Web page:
Bit-twiddling on genomes seems to become a regular pattern in this blog; See calculating the gc-content and hashing nucleotides. Today I will go into details on computing the reverse complement.

# Complementing

Ever since the detection of the DNA double helix structure by Watson and Crick, we know that nucleotides come in pairs. These are called base pairs, or even Watson-Crick pairs: A = T and C ≡ G. Mapping between the nucleotides is trivial to implement in any language.

char comp(char c)
{
char d;
switch (c) {
case 'A': d = 'T'; break;
case 'C': d = 'G'; break;
case 'G': d = 'C'; break;
case 'T': d = 'A'; break;
case 'N': d = 'N'; break;
default : d = c;
}
return d;
}


The above code is an obvious solution in C and there is nothing wrong with it. It complements the nucleotides, has N as a fix point and doesn't change any other character, which might be useful for technical reasons (ie. \0 stays \0). However, if we relax the last condition, things can go a lot faster.

Let's focus on the main task, complementing A, T and G, C. As we have already seen previously, G and C are only one bit apart in ASCII. Thus mapping either to the other becomes as simple as xoring with 4. The 4 is the same as 'G' ^ 'C'. As xor is associative and commutative 'C' ^ ('G' ^ 'C') becomes ('C' ^ 'C') ^ 'G' = 0 ^ 'G' and thus 'G'. The same reasoning is true for A, T and 21. So now complementing each pair is simply xoring with 4 or 21.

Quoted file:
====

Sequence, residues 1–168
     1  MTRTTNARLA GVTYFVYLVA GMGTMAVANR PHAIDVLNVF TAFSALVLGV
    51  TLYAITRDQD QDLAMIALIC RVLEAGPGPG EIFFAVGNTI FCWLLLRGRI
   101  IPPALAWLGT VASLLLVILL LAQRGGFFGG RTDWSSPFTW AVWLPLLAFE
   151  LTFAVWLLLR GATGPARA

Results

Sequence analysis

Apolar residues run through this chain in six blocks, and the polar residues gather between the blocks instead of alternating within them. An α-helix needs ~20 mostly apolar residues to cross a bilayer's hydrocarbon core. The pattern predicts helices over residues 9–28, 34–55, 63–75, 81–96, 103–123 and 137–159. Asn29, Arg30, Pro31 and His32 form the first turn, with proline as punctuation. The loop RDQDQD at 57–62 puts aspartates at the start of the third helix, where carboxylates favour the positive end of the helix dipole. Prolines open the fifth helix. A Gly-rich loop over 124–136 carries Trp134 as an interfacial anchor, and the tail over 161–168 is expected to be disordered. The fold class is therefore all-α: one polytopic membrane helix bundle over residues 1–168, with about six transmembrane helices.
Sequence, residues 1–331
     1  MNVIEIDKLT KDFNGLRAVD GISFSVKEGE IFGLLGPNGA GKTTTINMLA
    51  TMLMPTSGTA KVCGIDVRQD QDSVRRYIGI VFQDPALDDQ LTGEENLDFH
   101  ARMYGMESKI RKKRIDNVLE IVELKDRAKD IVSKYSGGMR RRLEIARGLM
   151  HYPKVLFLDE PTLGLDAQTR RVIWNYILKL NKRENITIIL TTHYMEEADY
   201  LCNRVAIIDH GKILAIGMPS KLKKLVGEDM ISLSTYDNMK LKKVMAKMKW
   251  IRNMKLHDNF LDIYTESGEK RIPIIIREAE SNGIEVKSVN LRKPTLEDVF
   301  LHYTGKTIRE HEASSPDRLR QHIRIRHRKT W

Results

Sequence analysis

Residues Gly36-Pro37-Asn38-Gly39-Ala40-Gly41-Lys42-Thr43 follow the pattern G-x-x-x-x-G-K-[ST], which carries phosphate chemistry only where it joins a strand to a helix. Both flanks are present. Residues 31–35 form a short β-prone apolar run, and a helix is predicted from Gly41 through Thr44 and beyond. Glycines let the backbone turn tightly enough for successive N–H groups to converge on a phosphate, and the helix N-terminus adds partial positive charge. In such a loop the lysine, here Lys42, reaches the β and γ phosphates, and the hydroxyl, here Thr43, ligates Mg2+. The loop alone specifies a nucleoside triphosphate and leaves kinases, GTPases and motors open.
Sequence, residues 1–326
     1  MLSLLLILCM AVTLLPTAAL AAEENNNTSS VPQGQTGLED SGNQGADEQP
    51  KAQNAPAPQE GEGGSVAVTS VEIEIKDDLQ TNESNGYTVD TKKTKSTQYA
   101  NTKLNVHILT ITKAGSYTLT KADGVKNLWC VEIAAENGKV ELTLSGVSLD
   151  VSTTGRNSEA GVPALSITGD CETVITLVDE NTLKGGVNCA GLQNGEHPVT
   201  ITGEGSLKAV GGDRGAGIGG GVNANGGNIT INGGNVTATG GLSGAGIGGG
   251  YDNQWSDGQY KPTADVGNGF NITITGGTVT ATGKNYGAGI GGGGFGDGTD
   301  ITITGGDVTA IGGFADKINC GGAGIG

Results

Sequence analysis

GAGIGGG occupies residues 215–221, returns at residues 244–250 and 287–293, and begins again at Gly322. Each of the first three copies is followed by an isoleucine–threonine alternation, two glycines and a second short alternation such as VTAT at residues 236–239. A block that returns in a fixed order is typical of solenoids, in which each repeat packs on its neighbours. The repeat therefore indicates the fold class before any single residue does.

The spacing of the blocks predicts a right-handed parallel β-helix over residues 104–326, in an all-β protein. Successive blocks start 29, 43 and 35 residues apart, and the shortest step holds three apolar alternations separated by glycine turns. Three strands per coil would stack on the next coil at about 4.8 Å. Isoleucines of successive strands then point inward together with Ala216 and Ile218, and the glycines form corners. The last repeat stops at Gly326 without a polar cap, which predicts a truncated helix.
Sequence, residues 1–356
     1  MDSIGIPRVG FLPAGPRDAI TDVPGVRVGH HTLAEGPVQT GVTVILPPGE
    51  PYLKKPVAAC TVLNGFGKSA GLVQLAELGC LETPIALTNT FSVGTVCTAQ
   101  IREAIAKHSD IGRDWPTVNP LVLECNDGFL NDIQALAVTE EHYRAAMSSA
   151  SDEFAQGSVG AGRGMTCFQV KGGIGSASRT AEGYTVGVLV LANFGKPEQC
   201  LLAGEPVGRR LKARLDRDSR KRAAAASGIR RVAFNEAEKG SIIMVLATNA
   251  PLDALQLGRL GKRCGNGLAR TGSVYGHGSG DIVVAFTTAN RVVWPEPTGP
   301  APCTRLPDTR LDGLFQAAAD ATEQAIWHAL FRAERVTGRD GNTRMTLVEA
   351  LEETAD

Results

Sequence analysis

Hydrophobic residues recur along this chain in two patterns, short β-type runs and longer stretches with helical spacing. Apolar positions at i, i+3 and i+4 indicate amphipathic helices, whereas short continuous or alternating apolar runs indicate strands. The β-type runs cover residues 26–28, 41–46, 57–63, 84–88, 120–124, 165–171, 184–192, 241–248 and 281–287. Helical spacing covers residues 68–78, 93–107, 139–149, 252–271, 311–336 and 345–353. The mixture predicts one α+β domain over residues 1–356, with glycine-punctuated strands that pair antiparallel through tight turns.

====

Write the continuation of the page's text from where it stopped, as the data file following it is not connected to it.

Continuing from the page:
A = 0x41 = 0100 0001
C = 0x43 = 0100 0011
G = 0x47 = 0100 0111
T = 0x54 = 0101 0100


To now distinguish between the pairs we can use the fact that only in the case of C and G the second bit is set. Thus the common case boils down to

char comp(char c)
{
return c ^= c & 2 ? 4 : 21;
}


The cool thing is that this vectorizes nicely. The compiler can generate code which complements multiple characters at once, giving a 10x performance boost.

As branching is costly in vectorized code, the the closest we can replicate the above behaviour is the following version.

char comp(char c)
{
if (c == 'N') return 'N';
return c ^= c & 2 ? 4 : 21;
}


It is marginally slower than the above code but still much faster than the big switch-statement.

# Reversing

I have so far considered two cases: Read the master string backwards and write the revcomp forwards, or vice-versa. The former is two times faster for the above twiddling strategy. I guess this is as the writes are properly aligned. More strategies such as in-place swapping should be tested.